- Historic Sites
Grant At Shiloh
Surprised and almost overwhelmed, he stubbornly refused to admit defeat. His cool conduct saved his army and his job
February 1960 | Volume 11, Issue 2
The head of Buell’s column reached Savannah around noon on April 5. Colonel Jacob Ammen, an old acquaintance of Grant, commanded a brigade in the leading division, which was under General William Nelson; and at some time during the afternoon Grant and Nelson stopped at Ammen’s tent to discuss plans. Ammen said his men were not tired and could easily march down to Pittsburg Landing that afternoon, if need be. Grant told him to take it easy, and in his diary Ammen recorded Grant’s words this way: “You cannot march through the swamps; make the troops comfortable; I will send boats for you Monday or Tuesday, or some time early in the week. There will be no fight at Pittsburg Landing; we will have to go to Corinth, where the Rebels are fortified. If they come to attack us we can whip them, as I have more than twice as many troops as I had at Fort Donelson.” Then Grant rode off, saying he had an engagement that evening.
The Union army’s position at Pittsburg Landing seemed strong, even though the five divisions were arrayed rather loosely. The ground was high, the deep creeks protected both flanks, and if the Confederates did attack they would have to come in head-on, in a straight frontal assault. Proper field entrenchments would have made the position invulnerable, but no trenches had been dug-partly because everybody was thinking about offense rather than defense, and partly because professional soldiers just then believed that an army which dug itself in would lose its aggressive touch. Buell and the head of his column were supposed to reach Savannah on Sunday, April 6. Once they arrived things could begin to happen.
The soldiers waited in the Tennessee springtime and admired the budding leaves and the peach-tree blossoms, and bathed in the little streams that ran down to the Tennessee. An Iowa soldier, looking at the innumerable tents scattered through “the delightful Tennessee forest,” felt that this vast camp had the appearance of “a gigantic picnic.” There was a noisy, holiday air over the place. Untrained soldiers kept discharging their muskets in the woods, moved by nothing more than a simple desire to see if the things would go off after a rain, and regimental bands were playing; on the river, a steam calliope on one of the transports brayed out patriotic tunes. That evening, quite unnoticed, Johnston arrayed his men in order of battle, remarking grimly: “I intend to hammer ‘em. I think we will hammer them beyond doubt.” His army was so near that his pickets stood at ease in the dark and enjoyed the music of the Union bands.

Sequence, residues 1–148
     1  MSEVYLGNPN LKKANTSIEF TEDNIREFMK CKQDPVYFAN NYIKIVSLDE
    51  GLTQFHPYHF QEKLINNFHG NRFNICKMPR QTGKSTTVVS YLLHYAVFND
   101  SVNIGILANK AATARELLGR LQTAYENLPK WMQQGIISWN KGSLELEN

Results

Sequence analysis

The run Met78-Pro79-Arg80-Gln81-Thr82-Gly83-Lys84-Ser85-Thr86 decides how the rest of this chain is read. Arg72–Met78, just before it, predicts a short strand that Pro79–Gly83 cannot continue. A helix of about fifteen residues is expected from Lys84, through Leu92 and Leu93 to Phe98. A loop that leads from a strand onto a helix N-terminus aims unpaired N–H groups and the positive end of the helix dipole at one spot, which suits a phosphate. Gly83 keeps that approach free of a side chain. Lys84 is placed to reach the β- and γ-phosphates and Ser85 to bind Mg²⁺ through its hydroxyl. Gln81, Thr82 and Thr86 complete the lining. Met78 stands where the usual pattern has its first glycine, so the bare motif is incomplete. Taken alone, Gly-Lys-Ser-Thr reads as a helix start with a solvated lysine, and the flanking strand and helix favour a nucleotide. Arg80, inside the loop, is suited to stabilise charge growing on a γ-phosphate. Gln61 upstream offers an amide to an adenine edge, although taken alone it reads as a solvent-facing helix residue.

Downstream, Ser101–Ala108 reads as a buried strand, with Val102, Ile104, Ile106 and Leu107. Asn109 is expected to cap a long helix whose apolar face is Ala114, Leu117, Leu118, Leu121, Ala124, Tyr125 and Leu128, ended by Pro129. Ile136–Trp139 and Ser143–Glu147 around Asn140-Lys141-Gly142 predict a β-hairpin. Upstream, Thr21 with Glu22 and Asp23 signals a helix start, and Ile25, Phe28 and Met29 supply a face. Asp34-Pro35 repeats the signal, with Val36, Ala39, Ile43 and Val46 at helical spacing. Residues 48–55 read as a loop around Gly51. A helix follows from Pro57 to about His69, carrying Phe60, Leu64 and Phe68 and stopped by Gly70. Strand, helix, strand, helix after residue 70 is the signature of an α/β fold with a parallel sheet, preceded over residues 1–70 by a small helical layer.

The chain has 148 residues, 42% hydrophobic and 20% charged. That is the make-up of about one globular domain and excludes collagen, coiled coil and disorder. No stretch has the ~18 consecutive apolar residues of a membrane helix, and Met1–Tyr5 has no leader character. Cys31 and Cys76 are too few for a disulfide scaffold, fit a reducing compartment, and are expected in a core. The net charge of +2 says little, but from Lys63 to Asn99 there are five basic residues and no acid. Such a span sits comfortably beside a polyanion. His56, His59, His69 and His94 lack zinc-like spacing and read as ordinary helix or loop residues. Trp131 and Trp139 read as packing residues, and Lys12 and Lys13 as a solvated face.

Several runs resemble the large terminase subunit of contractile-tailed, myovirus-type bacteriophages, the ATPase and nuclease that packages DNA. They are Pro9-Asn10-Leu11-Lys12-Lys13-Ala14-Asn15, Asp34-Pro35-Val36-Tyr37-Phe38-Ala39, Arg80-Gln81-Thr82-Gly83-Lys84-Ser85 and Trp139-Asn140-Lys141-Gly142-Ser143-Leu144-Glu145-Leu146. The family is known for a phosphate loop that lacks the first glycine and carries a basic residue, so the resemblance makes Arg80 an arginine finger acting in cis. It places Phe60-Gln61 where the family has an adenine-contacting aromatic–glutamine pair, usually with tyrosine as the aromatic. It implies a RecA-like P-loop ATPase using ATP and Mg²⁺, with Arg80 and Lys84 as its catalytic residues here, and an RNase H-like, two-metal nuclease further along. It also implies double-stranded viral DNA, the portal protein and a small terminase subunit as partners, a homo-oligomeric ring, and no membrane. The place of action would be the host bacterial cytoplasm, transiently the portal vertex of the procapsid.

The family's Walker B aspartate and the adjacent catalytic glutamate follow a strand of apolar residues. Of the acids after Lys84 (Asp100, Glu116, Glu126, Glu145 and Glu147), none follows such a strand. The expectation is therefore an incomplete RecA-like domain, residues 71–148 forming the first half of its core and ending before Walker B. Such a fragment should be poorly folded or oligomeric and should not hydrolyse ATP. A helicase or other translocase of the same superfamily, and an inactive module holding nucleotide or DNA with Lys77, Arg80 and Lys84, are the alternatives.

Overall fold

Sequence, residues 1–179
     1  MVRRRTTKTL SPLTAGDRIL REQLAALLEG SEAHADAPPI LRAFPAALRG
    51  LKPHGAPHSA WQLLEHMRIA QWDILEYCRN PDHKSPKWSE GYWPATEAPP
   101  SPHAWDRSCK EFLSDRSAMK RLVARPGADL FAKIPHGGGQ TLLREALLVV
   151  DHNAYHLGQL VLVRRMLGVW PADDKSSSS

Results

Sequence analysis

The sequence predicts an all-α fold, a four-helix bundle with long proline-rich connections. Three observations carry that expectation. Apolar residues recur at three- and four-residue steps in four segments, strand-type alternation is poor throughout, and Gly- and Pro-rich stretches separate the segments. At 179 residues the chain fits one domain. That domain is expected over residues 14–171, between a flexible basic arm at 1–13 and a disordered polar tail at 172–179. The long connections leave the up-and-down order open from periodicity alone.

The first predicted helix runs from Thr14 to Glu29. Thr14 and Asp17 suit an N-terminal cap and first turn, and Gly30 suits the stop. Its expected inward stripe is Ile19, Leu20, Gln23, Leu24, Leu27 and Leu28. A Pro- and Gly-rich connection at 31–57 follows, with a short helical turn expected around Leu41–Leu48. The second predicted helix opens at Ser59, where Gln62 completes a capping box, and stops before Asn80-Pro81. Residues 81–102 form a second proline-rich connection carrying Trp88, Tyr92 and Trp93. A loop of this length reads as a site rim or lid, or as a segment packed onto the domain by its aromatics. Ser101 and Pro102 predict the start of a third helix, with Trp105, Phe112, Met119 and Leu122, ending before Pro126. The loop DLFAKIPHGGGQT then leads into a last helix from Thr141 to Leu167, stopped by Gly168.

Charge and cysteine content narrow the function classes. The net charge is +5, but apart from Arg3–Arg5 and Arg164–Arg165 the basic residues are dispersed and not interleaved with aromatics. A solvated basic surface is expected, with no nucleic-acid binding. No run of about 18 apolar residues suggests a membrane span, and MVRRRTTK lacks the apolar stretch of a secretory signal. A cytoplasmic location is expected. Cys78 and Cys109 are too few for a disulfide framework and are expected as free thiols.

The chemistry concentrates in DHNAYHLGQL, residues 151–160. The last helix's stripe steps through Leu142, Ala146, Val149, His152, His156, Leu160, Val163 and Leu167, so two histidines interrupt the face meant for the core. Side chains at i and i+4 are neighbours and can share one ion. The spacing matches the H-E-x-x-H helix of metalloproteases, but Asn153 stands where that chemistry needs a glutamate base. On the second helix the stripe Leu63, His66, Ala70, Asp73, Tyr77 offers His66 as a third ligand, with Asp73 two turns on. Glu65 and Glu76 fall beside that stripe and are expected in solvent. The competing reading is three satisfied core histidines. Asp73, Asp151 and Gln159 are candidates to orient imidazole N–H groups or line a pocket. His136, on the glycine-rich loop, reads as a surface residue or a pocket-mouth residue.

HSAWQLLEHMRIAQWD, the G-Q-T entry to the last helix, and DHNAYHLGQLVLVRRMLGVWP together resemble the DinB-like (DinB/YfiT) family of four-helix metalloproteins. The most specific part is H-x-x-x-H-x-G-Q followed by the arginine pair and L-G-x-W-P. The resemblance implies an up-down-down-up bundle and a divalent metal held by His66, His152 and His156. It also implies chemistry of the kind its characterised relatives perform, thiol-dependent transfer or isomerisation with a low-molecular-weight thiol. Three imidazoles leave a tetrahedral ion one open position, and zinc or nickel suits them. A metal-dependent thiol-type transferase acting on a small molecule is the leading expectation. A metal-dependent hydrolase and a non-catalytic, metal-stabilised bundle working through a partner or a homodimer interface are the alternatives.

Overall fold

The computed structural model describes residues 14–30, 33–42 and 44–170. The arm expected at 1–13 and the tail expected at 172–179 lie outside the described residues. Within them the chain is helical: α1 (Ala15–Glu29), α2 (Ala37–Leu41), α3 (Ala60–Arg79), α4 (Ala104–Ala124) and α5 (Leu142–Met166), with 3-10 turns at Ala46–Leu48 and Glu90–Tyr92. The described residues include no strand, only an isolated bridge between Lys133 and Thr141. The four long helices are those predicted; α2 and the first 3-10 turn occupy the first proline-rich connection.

Grant’s aide-de-camp, John Rawlins, was awakened early on Sunday morning, April 6. The mail steamer from Cairo reached Savannah at three o’clock, disembarking a passenger who came up the hill from the landing to headquarters—Captain W. S. Hillyer, a member of Grant’s staff who had just returned from a trip down-river. Hillyer’s arrival aroused Rawlins, who found himself unable thereafter to go back to sleep. He got up and dressed with the first light of dawn and went down to Grant’s office to look at the mail.
While Rawlins sorted the mail, Grant himself came into the headquarters office. Headquarters today was to be moved from Savannah to Pittsburg Landing, and orders had been issued the evening before to prepare an early breakfast and to have the horses saddled and ready to be put aboard Grant’s steamer, Tigress , which lay at the landing with steam up.
Grant went through his mail in the office and chatted casually with an Illinois officer who had just returned from leave, and at six o’clock, or a little later, breakfast was announced. Grant and his officers had just begun the meal when the quiet of the spring morning was unexpectedly broken by the sound of dull concussions from far upstream—cannon firing, somewhere in the vicinity of Pittsburg Landing.
Grant sat motionless for a moment, an untasted cup of coffee in his hand. A private soldier detailed for headquarters duty came in from outside to confirm what everyone had sensed: judging by the sound, this was a real fight and not just a skirmish. Grant set his cup down, stood up, and said: “Gentlemen, the ball is in motion. Let’s be off.” Within fifteen minutes, General, staff, clerks, orderlies, and horses were aboard the Tigress , and the steamer was moving upstream. Before the boat left, Grant wrote two hasty notes. One, to General Nelson, said simply: “An attack having been made on our forces, you will move your entire command to the river opposite Pittsburg. You can obtain a guide easily in the village.” The other, addressed to Buell, was slightly more detailed. It read: Heavy firing is heard up the river, indicating plainly that an attack has been made upon our most advanced positions. I have been looking for this, but did not believe the attack could be made before Monday or Tuesday. This necessitates my joining the forces up the river instead of meeting you today, as I had contemplated. I have directed General Nelson to move up the river with his division. He can march to opposite Pittsburg.